It was the third gold medal of the London Games for Usain Bolt, who already made history at these Olympics by winning back-to-back 100-meter and 200-meter titles.
Photographer: Stu Forster, Getty Images
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OLYMPIC STADIUM, London (CNN) -- The 2012 London Olympics has been an awe-inspiring event -- with daily doses of drama, guts and glory -- but its zenith was always going to be the showdown of the gladiators of pace that is the men's 100 meters final.
Of all Olympic disciplines there are none as original, pure and spectacular as this hallowed contest.
Original: Because the first 13 ancient Games consisted only of the "stadion" discipline, the short-distance sprint race that ran the length of the stadium in Olympia.
Pure: Because every person on the planet, barring disability, can relate to running as fast as their legs will carry them; everyone knows in some way their own limits in this capacity and, consequently, respecting the audacity of the world's finest and fastest athletes over the distance is an easy connection to make.
Spectacular: Because there is no moment in the sporting world that has such intensity of drama.
The superhuman nature of its combatants connects with the human psyche in a primal and magnetic way, and has transfixed populations from ancient times to modern.
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Thousands of lucky souls in attendance at London's packed-to-the-rafters Olympic Stadium bared witness to the latest chapter of this thousand-year narrative and in Usain Bolt witnessed arguably its greatest character add to his legend. Another two billion were estimated to be watching the feat live on television screens worldwide.
Hindsight would always see the hero prevail, but much was in doubt ahead of the race. True, Bolt was the reigning Olympic champion of 2008, but the 25-year-old's aura of invincibility had taken major blows since he shattered the world record in Berlin in 2009.
Concerns pervaded over Bolt's form and fitness; worries that escalated when he lost to his training partner and rival Yohan Blake in Jamaica's trials barely a month before the Games.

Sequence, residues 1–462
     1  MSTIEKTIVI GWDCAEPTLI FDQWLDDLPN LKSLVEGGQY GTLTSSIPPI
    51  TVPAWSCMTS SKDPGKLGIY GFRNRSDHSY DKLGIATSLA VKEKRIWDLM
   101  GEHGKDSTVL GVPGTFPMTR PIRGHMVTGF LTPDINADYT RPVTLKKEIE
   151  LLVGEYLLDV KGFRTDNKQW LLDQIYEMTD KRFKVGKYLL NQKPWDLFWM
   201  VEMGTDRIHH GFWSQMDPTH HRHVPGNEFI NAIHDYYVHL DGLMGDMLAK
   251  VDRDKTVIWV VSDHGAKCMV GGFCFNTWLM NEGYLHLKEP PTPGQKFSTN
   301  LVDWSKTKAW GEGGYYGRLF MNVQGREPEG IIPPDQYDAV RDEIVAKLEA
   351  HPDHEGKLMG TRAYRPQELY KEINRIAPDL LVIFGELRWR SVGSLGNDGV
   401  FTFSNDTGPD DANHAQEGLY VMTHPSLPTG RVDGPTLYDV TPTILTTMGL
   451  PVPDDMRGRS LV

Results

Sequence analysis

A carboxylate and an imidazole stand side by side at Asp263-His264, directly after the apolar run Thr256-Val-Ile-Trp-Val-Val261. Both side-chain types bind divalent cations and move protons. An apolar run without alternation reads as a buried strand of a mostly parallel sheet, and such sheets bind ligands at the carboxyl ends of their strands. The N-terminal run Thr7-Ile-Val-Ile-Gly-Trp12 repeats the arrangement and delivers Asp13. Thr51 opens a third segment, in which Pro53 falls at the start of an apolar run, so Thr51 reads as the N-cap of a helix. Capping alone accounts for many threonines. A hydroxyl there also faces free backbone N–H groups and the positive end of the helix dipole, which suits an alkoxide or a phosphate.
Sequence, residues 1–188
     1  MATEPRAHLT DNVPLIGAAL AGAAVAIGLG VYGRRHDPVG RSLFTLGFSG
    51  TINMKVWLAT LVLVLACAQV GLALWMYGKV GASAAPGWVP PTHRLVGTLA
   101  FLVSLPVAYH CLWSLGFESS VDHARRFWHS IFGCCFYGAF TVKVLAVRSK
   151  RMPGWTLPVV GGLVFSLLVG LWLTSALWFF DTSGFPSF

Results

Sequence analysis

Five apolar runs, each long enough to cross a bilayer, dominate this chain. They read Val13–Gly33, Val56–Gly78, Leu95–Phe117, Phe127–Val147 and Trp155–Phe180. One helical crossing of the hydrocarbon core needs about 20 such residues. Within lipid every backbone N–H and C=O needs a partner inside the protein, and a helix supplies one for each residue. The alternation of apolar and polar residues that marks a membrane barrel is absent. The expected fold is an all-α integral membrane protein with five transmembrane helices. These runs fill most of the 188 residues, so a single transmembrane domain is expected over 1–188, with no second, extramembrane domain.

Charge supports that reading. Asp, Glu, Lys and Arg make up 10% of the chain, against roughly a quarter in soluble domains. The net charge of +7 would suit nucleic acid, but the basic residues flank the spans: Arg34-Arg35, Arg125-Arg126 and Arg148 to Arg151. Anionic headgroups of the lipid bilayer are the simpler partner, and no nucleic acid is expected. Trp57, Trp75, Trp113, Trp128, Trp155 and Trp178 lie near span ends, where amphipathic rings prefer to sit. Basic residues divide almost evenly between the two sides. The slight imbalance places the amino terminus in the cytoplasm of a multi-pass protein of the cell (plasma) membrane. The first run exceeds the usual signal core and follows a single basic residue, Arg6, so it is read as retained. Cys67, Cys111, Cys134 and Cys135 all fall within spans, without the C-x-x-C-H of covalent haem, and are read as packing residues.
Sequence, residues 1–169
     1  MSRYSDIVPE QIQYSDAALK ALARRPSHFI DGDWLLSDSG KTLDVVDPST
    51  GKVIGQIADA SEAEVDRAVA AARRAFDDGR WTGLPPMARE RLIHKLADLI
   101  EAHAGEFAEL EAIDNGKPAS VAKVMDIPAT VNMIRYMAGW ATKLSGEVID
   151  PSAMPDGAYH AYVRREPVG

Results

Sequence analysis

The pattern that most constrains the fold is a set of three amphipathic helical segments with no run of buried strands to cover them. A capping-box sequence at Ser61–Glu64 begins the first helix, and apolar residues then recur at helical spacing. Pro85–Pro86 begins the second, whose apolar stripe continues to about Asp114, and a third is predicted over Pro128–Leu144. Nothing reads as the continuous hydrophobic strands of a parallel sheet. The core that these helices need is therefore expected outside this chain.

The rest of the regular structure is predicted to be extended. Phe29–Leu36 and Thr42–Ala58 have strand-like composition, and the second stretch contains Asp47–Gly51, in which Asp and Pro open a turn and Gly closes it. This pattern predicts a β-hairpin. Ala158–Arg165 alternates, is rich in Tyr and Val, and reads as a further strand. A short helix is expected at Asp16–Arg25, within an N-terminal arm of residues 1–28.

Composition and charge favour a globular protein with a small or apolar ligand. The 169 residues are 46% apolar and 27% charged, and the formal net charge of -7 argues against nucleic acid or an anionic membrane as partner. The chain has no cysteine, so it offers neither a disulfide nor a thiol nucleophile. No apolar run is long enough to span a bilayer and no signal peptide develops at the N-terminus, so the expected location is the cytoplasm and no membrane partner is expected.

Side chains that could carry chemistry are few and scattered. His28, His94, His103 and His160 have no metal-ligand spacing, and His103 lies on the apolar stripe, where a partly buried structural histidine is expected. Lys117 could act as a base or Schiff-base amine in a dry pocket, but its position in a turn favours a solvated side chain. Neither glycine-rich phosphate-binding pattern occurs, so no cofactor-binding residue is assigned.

There was a scrutiny associated with Bolt's every move that no other athlete had to contend with either. Relentless interviews followed endless commercial commitments. His actions may still have conveyed a man who was carefree and confident, but this was a young man who was well versed with the energy-sapping rigors of celebrity on a grand scale.
But the task of the champion is to overcome.
The first indications of the marvel that was to happen came in the semifinal heats, where Bolt cruised to victory by covering the yardage in little over 10 seconds and seemingly without breaking from second gear.
There was a nonchalant swagger to the way qualification was assured.
Ahead of the final itself there was no one cooler than the 1.96 meter tall Jamaican. While 80,000 people collectively fidgeted, fretted and fussed in anticipation of the main event, Bolt remained immune to the pressure.
He jested as the myriad of TV cameras honed on his expressions, gesticulating how fast he would run with two rapidly moving index and middle fingers. He shrugged and he smiled.
The runners were called to their marks, forming a line of the fleet-footed finest. Many champions in their own right: Gay, Gatlin and Ryan from America; Blake, Powell and Thompson from the Caribbean.
Then silence. The pilgrims of the London coliseum were called on to endure a claustrophobic wait by large video screens that said: "Quiet please."
A lone helicopter broke the noiseless air, hovering miles in the distance. Collective breath was held.
BANG!! Eight heads rose in a line on the track as a wave of sound and flash photography exploded around the stadium before crashing on to the most scrutinized piece of land on the planet like a tsunami.
Bolt's reaction time was typically slow, with Gatlin, Blake and Gay faster out of the blocks, but the legs in lane seven were starting to drive.
At 20 meters the head was up and the long stride was reeling in the lost ground; by 50, Bolt had drawn level, arms now pumping like pistons, torso bucking in time.
The heat was on. The line of sprinters in alternate lanes of red and yellow (USA in red, Jamaica in yellow) squeezed every sinew to keep up with the new pacemaker.
Bolt relaxed, elongated his stride and left the rest in his wake.
When he crossed the line after 9.63 seconds he was a good meter ahead of the field. The time -- the second fastest in history -- was a new Olympic record and Bolt had achieved what only Carl Lewis had before: to have won gold medals twice in the event.
He had beaten three other athletes who ran under 9.8 seconds (9.85 was the world record up until 2008), making it the fastest 100m podium of all time.
Usain Bolt: The man whose name sounds preordained by the Gods, a real-life superman, the greatest sprint showman that ever lived, the world-record holder and the newly crowned double Olympic champion.
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